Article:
4F No.4410, which entered service in December 1925 was the first LMSR engine built with coal doors over a solid bulkhead.

7F No.9660, which entered service on the 22nd of April 1932 was the first engine to be built with snap head rivets and this also coincided with the introduction of the coal grill.

 

 

Also not strictly a Fowler tender but does anyone know of any plans/dimensions/kits for the three 4000 gallon Stanier prototypes?

pGPdFyn.jpg

 

Regards

Steve


Edited by steves17, 25 September 2017 - 10:46 .


#19 Poor Old Bruce

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Posted 25 September 2017 - 10:56

Yes. There is a photo of a domeless tender attached to 44330 in the Wild Swan Pictorial Supplement to LMSLocomotive Profile No.10 on the 4Fs.44330 was one of a batch (4312-4331) built at St. Rollox in 1927/28. The photo caption suggests that provision was made to fit scoops if required. Tank vents are fitted within the coal space.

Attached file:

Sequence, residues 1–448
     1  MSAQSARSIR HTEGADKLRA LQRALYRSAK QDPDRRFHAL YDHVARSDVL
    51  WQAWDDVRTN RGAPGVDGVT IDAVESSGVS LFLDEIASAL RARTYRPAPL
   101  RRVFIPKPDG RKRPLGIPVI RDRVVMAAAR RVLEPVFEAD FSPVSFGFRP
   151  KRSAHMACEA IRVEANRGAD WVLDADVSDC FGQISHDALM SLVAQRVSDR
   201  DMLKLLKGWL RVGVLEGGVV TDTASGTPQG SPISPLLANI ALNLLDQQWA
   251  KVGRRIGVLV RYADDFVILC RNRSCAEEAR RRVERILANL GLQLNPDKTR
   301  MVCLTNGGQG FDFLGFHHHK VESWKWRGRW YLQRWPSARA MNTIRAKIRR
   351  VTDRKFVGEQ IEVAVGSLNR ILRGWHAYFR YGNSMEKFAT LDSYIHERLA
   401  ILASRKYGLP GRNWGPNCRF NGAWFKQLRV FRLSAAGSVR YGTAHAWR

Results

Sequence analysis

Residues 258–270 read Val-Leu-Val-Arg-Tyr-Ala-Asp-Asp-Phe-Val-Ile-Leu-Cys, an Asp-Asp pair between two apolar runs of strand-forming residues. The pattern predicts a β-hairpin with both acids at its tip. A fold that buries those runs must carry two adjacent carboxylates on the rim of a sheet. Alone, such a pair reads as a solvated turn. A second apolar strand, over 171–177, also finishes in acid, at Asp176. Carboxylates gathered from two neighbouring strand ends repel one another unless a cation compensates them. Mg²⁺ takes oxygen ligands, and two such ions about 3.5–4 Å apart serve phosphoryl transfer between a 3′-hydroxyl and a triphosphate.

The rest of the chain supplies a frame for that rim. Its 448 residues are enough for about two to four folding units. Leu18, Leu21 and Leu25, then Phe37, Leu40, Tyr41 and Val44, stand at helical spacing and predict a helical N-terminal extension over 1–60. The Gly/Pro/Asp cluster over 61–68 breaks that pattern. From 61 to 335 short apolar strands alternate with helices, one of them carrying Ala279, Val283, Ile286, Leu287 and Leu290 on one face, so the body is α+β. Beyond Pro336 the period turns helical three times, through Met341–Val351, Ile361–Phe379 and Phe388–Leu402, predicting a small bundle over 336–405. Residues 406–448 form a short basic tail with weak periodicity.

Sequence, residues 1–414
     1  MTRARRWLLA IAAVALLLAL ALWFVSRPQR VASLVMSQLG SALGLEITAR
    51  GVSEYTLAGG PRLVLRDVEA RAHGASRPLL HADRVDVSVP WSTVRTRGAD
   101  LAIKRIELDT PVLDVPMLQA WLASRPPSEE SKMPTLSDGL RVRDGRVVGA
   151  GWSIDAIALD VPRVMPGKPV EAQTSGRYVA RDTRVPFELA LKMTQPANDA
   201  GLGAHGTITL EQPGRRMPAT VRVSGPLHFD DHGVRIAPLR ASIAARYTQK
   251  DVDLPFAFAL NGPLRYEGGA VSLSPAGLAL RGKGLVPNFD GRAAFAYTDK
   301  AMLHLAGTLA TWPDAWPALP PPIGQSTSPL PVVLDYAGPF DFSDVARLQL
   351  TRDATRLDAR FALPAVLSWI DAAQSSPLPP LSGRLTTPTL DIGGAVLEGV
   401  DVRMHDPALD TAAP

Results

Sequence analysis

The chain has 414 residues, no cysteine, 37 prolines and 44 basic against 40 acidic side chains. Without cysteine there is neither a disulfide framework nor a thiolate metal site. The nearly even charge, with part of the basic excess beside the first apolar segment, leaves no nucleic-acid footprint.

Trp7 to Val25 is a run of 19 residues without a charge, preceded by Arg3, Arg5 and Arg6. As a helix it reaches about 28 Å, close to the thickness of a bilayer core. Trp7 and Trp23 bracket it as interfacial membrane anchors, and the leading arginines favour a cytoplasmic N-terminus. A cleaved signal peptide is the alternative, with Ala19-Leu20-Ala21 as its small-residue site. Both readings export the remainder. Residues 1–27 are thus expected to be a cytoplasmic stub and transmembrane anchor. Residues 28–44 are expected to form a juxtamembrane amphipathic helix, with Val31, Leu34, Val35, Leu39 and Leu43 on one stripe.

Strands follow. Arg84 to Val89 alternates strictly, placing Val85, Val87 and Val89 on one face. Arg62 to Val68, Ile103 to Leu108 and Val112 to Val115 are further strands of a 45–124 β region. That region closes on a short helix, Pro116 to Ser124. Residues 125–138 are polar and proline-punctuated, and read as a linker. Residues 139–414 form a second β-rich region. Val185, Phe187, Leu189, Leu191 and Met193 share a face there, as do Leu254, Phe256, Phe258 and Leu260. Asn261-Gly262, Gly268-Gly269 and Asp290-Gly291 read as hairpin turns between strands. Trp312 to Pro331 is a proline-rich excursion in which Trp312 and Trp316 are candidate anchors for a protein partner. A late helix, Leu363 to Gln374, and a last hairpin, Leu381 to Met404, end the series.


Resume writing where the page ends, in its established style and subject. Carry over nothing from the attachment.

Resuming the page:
I should have added that the hybrid tender preserved with Somerset and Dorset 2-8-0 No.88 apparently has a scoopless tender. The Bachmann model is sans dome so I presume they have it right.

 

4027 was the first 4F to have a standard Fowler tender. To quote from the Wild Swan book "Derby N0s. 4027-4056 to O/6213 were originally to have new 3,500 gallon tenders and O/6215 was issued for their construction in April 1924. This was amended the following November to just twenty and shortly afterwards to ten, the remainder being diverted to new compounds. Thus 4027-4036 were the first Class 4 goods engines to receive the new pattern tenders." It therefore depends when the compounds those tenders were transferred to got onto traffic.